The most frustrating aspect of the series, thus far, is the inconsistency of the portrayal of the alien life form. I'm seven episodes in, and I'm still not even sure whether we're dealing with just one form of alien life. Much is made, early on, of a black goo that appears soon after the asteroid impact. This goo reappears, or gets talked about, as the series goes on, but we're never told what its properties are. Is it mutagenic, i.e., should you not touch it at the risk of being transformed? Is it the vehicle for alien pathogens to enter a human host? When a dead victim of an alien undergoes a laser craniotomy, we see a vaguely insect-like structure hugging the victim's brain. Its blood seems to be that same black fluid, but this only causes more questions: is the goo circulatory fluid or an excretion? Or both? Is the alien infecting its hosts the way a virus might, or is that insect-like thing physically crawling into people's bodies and settling itself on top of the brain? Affected victims will attack another human and attempt to bleed on the victim; does this mean that human blood is a carrier of alien infection? If so, why is there almost no effort, at any time, to clean up any spilled blood? (Come to think of it, why does the lone "doc" only inconsistently exercise infection-control procedures, gloving up only at random, and even touching a living alien tendril bare-handed?) The alien is said to calcify a person's hippocampus, thus blocking deep-seated memories and causing people to forget who they are. An infected medic forgets he's a medic; an infected passenger forgets his own name but cunningly adopts another passenger's name as an alias. The alien's effect on memory causes its victims to lose time: the victims become murderous, then lapse back into their original selves. The freaky demon-possession aspect of the alien has been shown only once or twice in the first two episodes, and it hasn't been seen since. I want to see alien-possessed people galloping along on twisted limbs, torsos facing the ceiling because their spines have been bent so far backward that no other locomotion is possible!**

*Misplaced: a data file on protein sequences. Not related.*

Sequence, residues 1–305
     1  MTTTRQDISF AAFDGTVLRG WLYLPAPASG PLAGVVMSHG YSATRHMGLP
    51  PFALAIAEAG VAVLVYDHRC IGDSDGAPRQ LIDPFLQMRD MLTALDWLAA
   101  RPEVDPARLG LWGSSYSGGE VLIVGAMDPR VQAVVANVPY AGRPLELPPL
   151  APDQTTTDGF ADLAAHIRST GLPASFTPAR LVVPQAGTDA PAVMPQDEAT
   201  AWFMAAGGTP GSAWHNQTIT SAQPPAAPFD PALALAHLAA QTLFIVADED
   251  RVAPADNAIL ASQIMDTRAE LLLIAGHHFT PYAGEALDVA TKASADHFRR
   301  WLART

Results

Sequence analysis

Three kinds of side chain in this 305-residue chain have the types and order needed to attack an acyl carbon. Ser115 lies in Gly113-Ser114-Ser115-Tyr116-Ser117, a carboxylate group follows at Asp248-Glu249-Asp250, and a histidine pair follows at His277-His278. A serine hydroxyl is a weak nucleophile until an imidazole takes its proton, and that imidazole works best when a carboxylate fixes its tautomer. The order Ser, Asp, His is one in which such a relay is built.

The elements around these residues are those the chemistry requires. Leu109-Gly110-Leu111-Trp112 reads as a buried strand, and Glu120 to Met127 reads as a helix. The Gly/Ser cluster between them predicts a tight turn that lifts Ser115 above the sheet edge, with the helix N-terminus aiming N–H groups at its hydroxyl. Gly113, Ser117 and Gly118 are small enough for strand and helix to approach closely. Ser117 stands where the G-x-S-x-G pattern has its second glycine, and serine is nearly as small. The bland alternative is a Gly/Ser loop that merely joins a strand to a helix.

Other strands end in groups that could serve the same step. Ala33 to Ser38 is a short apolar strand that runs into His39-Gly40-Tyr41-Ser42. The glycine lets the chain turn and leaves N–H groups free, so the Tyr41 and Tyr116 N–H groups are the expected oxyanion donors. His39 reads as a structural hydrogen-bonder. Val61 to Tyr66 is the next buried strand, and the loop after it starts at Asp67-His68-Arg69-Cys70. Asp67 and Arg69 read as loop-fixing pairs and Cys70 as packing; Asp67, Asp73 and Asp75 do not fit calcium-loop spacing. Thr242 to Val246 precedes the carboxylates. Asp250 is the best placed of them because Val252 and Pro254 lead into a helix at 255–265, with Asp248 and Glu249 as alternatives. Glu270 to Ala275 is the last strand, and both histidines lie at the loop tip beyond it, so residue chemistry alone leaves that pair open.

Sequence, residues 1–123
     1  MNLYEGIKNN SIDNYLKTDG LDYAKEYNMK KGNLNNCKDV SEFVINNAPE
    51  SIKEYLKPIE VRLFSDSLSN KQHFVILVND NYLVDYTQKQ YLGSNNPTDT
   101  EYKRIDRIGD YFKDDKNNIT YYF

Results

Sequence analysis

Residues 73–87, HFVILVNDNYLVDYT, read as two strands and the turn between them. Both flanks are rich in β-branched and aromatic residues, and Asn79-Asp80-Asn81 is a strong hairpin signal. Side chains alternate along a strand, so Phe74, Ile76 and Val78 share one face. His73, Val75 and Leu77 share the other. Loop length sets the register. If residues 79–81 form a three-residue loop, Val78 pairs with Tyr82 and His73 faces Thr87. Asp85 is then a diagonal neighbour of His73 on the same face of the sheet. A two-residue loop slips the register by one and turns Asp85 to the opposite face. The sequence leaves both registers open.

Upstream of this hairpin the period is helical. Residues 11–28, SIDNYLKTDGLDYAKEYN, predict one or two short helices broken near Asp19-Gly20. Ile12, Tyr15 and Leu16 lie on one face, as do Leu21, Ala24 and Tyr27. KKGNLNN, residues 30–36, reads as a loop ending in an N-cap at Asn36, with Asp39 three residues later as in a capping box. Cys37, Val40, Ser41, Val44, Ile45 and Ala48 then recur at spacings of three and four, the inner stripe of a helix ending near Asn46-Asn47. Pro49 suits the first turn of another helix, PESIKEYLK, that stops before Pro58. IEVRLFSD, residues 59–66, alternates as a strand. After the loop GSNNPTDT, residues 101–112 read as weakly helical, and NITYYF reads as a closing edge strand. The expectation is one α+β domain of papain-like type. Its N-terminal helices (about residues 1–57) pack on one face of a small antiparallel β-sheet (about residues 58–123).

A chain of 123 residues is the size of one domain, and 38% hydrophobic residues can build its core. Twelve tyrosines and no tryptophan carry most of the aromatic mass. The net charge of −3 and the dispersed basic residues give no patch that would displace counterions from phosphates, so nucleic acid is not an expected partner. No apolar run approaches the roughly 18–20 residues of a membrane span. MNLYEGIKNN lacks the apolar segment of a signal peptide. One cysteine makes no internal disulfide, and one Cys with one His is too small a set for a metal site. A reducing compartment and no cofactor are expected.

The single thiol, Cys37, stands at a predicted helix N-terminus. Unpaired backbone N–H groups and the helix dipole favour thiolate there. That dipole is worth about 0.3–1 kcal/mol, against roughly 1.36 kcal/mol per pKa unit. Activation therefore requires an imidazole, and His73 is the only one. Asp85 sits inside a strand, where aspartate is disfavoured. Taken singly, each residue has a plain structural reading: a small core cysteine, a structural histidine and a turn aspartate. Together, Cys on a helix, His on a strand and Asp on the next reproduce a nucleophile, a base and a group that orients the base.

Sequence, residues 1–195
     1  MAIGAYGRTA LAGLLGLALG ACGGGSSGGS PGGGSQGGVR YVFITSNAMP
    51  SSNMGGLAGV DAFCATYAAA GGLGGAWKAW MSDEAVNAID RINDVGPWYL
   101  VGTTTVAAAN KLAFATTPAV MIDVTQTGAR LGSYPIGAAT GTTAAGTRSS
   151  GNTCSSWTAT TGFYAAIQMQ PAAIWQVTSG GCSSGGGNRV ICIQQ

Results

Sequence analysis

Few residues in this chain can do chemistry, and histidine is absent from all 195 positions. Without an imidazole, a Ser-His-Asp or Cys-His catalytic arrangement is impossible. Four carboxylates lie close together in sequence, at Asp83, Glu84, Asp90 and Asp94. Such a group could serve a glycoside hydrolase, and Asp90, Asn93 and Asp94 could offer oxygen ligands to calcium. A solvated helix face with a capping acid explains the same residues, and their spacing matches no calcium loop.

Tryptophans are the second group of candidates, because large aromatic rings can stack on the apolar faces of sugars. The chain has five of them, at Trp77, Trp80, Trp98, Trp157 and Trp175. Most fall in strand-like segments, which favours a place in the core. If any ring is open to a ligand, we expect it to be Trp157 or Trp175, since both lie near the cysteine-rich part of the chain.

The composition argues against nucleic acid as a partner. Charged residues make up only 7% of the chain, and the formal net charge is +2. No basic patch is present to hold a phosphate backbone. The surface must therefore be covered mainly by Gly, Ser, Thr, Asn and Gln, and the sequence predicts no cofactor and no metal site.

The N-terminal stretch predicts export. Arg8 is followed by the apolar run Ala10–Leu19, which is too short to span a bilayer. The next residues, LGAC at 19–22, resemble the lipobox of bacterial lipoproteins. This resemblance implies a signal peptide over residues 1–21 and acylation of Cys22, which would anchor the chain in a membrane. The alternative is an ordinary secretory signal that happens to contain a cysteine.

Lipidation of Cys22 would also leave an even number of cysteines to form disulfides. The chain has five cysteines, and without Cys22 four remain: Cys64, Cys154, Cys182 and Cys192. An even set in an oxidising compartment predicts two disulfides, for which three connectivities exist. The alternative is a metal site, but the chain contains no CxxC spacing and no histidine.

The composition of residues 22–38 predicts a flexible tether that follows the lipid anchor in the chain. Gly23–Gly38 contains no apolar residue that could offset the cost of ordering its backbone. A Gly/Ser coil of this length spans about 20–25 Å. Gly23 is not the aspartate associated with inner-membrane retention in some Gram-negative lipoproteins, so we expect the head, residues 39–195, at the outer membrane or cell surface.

The series could be greatly improved by not telegraphing upcoming events, not including so many damn jump scares (which are less scary than they are silly; I expect to see mashup parodies on YouTube soon: "Every Jump Scare from Season 1 of 'Origin' Done in 90 Seconds"), and not relying on occasionally clunky dialogue. It should continue to give us decently fleshed-out characters with interesting backgrounds and conflicting motivations, and an increasingly grandiose story that will, I hope, take us to a new planet, where the setting will be much wider, with more potential for mayhem. Overall, "Origin" is watchable, but its screenwriting-related problems put it significantly below "Impulse" in terms of quality. That said, I'll watch to the end of Season 1, and I'll likely continue on with Season 2.

*A generation ship typically moves at sublight speed, whereas the Origin can, to use the "Star Wars" terminology, jump into hyperspace. In this series, passengers are placed in hibernacula, and not for a very long time. This is a major disanalogy with generation ships, in which generations of non-hibernating people are born and die as the ship makes its slow way to its destination. If I'm not mistaken, though, the Origin must move far away from any planets before it makes its jump, and that's what takes a lot of time. Same goes for arrival at Thea: the Origin drops out of hyperspace fairly far out from Thea, then uses sublight propulsion to arrive at the planet, enter orbit, and offload the passengers. At least... that's what was supposed to happen.

**I'm alluding, of course, to Regan's "spider-walk" scene from the novel The Exorcist; the scene was filmed for the movie, but it was left out of the final cut; see two versions of it here and here if you want; the scene is kind of lame, but the second version is a bit creepier and less faithful to the novel. In the novel, Regan is described as being bent so far backward that her buttocks and head are almost touching, and when she crawls down the stairs, it's on tiptoe and fingertips. Her tongue, inhumanly long, flicks out like a snake, tickling the ankles of the startled people at the bottom of the stairs. Regan's movements, during this scene, are completely, eerily silent.